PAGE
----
Think you’re taking a glance into the deepest, darkest recesses of someone’s soul? Not quite, it’s Spotify’s list of the most listened to songs of 2016. But according to research, song lists can give us a lot more than a mere glimpse into which tunes have gone viral this year.
A three-year investigation carried out by Dr. Adrian North of Curtin University, Australia, correlated the music preferences and personality traits of over 36,000 volunteers. The study’s findings revealed that those who listened predominantly to a specific genre were likely to have certain personality traits associated with that style of music.
So if you’ve ever felt an instant connection to someone because of the music they like, or if you’ve gone the other way and cringed when someone told you what their favourite song was, don’t worry, you’re not alone.
What can Spotify’s 2016 top streaming list tell us about people’s behaviour
Well, Drake tops the list for most streamed artist of the year. According to North’s research, hip-hop fans are extroverted and have high self-esteem. They’re less likely to want to sit in their bedrooms poring over the sleeve notes, a pair of headphones shutting out the outside world.
Another University of Texas study suggested that rap listeners are liberal, tend to perceive themselves as attractive but are also prone to ‘blirtatiousness’, which is best described as saying what’s on one’s mind as soon as it comes up. Kanye West is certainly prone to it. We’ll leave you to decide if it’s a good or a bad thing.
Justin Bieber, meanwhile, maintains his position as one of the most streamed artists this year. His attempts at breaking out of teen pop into a more rough-hewn gangster persona may have swayed some, but for those who categorise his music as pop, it is associated with low creativity and nervousness. It’s not all bad though! According to North’s investigation, pop fans also have high self-esteem, as well as being hard-working and outgoing.
The Beatles are currently Spotify’s top classic rock artists of 2016. North’s study claims that classic rock fans are easygoing, though there’s a caveat. They’re also the most selfish according to the results. If Bon Jovi and the Beatles can both be classified as classic rock though, that’s a pretty wide-ranging genre right there!
Indie rock fans, who sometimes get a bad rep as hipsters, are vindicated by the findings, which suggest they are creative and open to new experiences. There is a flipside, however, as they have a low self-esteem and work ethic.
Folk, Jazz, Blues
Older styles such as folk, jazz and blues are, perhaps unsurprisingly, associated with deep thinkers, the genres being a staple for this years surprise Nobel literature prizewinner, Bob Dylan.
Classical music lovers are also considered to have high intelligence, high self-esteem and are more likely to be introverted. Though these genres are practically non-existent on Spotify’s most streamed list of 2016, they’re undeniably present in spirit, modern artists borrowing heavily from the styles.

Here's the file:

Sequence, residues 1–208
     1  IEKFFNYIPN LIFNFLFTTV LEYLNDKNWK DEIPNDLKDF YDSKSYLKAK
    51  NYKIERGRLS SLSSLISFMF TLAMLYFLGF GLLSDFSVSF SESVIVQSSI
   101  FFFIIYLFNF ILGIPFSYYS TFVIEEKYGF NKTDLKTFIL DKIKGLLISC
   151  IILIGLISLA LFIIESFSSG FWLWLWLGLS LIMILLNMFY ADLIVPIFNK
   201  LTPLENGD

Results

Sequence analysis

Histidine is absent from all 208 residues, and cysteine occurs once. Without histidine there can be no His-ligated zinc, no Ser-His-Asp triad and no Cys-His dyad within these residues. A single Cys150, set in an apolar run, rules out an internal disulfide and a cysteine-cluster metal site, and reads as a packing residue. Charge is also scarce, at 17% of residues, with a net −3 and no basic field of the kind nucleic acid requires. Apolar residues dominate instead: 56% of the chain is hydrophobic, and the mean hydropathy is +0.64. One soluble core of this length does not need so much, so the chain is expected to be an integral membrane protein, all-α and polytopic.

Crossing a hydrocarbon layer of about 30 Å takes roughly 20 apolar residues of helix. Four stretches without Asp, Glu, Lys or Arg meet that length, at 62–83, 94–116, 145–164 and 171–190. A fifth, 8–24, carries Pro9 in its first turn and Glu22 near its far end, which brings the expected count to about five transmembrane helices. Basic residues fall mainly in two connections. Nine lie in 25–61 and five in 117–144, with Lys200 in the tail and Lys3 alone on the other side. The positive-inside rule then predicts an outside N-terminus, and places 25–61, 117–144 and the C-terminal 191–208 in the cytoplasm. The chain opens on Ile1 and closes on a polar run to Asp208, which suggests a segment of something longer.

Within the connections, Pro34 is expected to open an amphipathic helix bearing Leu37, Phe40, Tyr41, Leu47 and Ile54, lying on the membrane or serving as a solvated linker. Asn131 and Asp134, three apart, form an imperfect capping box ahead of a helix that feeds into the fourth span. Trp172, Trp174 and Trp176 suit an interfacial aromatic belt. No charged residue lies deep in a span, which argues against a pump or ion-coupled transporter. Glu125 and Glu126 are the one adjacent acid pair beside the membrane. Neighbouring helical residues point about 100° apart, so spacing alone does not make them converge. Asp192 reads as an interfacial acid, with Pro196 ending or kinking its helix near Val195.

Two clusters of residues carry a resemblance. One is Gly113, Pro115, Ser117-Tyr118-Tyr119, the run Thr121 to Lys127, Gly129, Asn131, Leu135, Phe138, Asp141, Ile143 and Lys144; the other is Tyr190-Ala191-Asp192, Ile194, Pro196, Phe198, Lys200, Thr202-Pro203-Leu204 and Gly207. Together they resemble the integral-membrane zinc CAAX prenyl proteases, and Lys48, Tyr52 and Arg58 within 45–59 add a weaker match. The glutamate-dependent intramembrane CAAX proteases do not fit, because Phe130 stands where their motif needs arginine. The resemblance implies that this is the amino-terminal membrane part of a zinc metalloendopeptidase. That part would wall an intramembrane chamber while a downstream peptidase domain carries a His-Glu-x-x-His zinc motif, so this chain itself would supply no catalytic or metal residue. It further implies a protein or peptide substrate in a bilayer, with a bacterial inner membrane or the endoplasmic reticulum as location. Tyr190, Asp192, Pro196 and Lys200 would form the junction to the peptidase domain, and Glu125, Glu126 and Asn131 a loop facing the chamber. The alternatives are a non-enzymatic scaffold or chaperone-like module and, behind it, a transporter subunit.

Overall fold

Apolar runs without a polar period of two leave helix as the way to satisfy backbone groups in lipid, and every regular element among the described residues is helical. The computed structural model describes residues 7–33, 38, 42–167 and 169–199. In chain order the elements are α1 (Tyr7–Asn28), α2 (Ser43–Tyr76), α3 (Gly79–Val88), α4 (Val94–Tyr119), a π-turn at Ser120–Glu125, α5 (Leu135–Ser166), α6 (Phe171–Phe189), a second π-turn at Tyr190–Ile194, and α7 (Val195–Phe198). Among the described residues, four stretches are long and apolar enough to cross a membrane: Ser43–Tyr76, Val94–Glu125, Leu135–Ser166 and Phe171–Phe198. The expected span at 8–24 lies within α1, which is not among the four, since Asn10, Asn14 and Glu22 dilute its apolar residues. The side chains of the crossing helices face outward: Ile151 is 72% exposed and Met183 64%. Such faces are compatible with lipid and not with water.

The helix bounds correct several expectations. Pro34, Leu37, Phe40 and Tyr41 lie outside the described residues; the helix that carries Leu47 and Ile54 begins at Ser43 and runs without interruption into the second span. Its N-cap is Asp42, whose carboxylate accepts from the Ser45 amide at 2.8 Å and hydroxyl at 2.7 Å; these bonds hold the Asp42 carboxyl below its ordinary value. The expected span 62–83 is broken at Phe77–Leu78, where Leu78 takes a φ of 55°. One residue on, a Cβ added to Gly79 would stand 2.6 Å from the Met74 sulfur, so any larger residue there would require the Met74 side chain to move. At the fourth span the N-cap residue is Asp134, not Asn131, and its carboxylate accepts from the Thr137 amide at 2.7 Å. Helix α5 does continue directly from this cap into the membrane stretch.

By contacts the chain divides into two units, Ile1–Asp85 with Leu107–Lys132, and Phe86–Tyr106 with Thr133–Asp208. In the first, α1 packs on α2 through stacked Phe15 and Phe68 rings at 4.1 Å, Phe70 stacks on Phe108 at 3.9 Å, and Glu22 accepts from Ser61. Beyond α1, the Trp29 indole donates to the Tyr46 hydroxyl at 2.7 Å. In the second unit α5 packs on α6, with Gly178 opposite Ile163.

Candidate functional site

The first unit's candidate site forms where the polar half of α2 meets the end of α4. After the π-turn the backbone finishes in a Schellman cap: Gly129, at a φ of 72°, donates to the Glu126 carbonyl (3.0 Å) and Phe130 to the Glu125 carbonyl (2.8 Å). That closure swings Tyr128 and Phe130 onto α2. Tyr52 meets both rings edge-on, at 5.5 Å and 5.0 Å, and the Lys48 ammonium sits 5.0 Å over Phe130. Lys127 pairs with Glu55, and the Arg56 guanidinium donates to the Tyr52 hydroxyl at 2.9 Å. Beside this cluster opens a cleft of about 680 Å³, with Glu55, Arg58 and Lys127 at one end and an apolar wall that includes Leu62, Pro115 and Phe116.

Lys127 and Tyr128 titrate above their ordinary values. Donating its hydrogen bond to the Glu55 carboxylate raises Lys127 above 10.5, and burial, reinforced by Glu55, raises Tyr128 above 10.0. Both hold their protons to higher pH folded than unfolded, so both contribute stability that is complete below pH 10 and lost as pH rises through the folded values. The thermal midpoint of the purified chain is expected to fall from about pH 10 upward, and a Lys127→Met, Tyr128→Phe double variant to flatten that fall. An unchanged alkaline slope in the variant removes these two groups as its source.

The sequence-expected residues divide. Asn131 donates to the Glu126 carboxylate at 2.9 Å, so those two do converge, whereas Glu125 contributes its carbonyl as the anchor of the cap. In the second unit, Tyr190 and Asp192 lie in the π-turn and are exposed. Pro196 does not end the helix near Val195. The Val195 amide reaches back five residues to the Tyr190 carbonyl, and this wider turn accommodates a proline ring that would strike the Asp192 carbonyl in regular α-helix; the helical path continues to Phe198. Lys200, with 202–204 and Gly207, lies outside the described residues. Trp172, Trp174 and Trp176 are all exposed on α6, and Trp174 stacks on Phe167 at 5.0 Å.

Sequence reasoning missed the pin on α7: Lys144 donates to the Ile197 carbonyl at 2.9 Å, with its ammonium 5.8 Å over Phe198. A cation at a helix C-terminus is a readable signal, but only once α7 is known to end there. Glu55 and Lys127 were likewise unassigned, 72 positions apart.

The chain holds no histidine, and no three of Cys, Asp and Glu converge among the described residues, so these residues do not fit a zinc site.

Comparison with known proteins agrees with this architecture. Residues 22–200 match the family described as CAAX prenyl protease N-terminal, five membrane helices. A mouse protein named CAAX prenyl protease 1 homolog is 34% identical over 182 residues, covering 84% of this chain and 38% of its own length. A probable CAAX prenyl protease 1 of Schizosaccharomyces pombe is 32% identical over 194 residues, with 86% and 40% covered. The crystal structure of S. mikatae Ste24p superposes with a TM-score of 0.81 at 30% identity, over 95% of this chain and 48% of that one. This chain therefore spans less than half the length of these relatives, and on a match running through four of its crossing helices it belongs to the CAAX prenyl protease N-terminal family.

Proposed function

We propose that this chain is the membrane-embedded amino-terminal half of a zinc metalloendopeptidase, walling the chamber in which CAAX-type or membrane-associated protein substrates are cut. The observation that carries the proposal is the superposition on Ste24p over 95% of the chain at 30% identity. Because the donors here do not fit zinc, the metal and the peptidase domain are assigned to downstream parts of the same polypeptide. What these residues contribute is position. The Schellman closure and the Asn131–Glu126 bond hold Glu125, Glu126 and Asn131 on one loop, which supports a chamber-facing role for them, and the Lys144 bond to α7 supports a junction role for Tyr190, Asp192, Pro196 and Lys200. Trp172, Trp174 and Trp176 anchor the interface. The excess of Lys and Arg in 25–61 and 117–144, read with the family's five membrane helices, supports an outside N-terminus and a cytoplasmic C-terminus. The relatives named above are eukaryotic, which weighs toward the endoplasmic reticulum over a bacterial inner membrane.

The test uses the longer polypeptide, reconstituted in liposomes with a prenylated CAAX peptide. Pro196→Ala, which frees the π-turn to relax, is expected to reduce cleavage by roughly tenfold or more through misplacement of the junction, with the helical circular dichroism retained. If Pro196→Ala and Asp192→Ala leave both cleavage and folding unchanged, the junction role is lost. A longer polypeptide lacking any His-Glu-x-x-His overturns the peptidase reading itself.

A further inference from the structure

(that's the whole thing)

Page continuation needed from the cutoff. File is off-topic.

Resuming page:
It’s a bit farfetched perhaps to think that a song list can give us a really profound insight into human behaviour. However, North’s paper does draw a direct correlation between musical listening habits and the behavioural traits mentioned.
What Else Does Research Say About Music?
Not only is classical music associated with smarter people, it is also associated with actively making us smarter. There is existing scientific evidence that suggests classical music can boost brain power. An experiment was carried out in which the exact same lecture was given to two group of students. One, however, was listening to classical music throughout and the other had no music on.
The students were tested on the material of the lecture afterwards. According to the researchers “students who heard the music-enhanced lecture scored significantly higher on the quiz than those who heard the music-free version.”
So educators can help students absorb information “by turning to some old friends: Beethoven, Bach, and Tchaikovsky.”
Music can also apparently make you a better person. A University of Cambridge study recently highlighted a link between musical learning and enhanced emotional intelligence. Similarly, psychology specialists pointed out that crime and drop out rates decreased a decade ago in Venezuela when music lessons were made mandatory in schools.
Musical preference has always been a source of intense emotions. Sometimes it results in equally intense, almost tribal-like, rivalries. Whether it’s Blur vs Oasis or Kanye vs everyone, people may enjoy both but they’ll never concede that the other’s better than their favourite. All we know is that according to mounting evidence, next time you’re sending someone a personal playlist, you may also be sending them a window into your mind.